Join Us Here For A Live Video Hangout With The Brains Behind The New Myspace: How to Design a Makeover

As we recently chronicled, Myspace is attempting to do what few sites have managed: a major comeback.

At one point back in 2006, it was the not only the top social network but the most visited site of any kind.

A few years later, it was an easy punch line. Myspace was undone by a clutter of ads and widgets, balky service, and a little thing called Facebook, which came along offering a simpler and superior user experience.

Now Myspace has new owners – online ad veterans Chris and Tim Vanderhook and a high-profile partner in Justin Timberlake – and a new dramatic look. The redesign, which is central to the site’s comeback, could not feel more different than the old Myspace. Elegant visuals. Clever horizontal scrolling. Instant search without a search bar. It's a new tune. But is it enough to bring back users and attract new ones?

Join our Google+ Hangout Wednesday at 11 a.m. EST with the Australian digital design shop behind the new look and feel: Ben Johnston, the CEO of Josephmark, and creative director Jess Huddart.

What do you want to know about their reinvention of Myspace? Tell us in the comments section below.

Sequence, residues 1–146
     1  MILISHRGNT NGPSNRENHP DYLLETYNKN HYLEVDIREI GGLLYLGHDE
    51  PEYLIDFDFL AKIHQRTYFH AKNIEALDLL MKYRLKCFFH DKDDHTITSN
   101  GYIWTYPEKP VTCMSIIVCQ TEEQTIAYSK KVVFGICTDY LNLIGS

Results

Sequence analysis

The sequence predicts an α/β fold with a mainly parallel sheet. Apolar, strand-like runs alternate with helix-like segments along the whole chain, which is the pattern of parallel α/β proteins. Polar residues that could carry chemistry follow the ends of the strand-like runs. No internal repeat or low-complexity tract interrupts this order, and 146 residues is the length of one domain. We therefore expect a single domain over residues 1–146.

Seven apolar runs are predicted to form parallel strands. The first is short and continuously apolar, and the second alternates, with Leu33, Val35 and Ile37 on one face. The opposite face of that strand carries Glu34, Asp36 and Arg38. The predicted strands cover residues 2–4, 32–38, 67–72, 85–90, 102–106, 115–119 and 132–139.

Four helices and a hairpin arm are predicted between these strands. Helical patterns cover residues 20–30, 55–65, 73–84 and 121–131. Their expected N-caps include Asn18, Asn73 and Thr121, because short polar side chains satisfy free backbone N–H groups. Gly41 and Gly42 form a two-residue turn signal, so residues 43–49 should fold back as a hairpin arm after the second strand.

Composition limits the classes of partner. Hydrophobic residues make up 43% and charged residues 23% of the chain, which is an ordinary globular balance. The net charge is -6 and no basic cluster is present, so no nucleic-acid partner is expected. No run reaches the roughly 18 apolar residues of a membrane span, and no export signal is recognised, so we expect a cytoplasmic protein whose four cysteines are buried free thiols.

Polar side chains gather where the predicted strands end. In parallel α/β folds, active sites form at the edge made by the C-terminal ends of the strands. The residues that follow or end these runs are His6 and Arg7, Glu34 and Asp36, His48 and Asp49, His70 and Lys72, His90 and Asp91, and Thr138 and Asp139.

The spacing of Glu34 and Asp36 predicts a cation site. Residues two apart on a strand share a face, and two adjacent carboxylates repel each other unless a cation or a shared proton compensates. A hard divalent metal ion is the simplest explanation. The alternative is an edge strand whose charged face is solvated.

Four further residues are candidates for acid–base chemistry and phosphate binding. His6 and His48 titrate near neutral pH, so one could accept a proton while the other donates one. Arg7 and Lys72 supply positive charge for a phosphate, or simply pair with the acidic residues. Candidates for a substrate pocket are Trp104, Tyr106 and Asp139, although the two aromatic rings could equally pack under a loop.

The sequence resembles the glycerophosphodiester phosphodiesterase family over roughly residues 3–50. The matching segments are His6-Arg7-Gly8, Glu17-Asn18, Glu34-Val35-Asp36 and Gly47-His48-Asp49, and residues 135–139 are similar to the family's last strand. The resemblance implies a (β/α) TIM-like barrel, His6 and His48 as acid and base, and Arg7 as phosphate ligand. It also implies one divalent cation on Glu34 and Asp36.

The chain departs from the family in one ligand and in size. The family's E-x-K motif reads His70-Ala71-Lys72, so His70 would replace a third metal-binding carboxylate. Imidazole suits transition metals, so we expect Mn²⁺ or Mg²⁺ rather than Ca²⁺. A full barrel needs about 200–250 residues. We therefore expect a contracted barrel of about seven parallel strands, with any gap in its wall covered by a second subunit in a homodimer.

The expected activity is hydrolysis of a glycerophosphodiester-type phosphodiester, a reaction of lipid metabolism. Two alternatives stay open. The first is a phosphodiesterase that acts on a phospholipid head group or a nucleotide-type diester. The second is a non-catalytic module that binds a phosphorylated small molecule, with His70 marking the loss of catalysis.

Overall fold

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3 Comments

  • samiq

    I would have thought that such a important task as creating what should empower you to a comeback to be done in-house, with internal brain and power, don't get me wrong I love agency work, I worked in agencies for years, but because of that I know that such important piece of new work should be done in-house so the experience of building it remains in-house and part of the culture, not just as a temporary gig you outsource down under... it was a good hangout :)

  • samiq

    unless there is a plan to aquihire the team, there is nothing for the team building it, you need not only passion but ownership of the product, and agency work might have passion, but ownership is something only will come with you been part of it fully, when you have to serve 2 masters, your agency and your client, you face the risk of both expectations not falling at par, or worst, have the resources shuffle between projects and hence loosing the experience. One thing is to outsource production work, another one is outsource the soul and bones of your come back. Myspace was once a power horse tech company, I am sure it no longers live to even its shadow, but if they are serious about making a comeback they better be doing with heart and soul and not just money and hiring some fancy design... I might be wrong on this one, but my experience working with some of the best agencies in the world, tells me otherwise.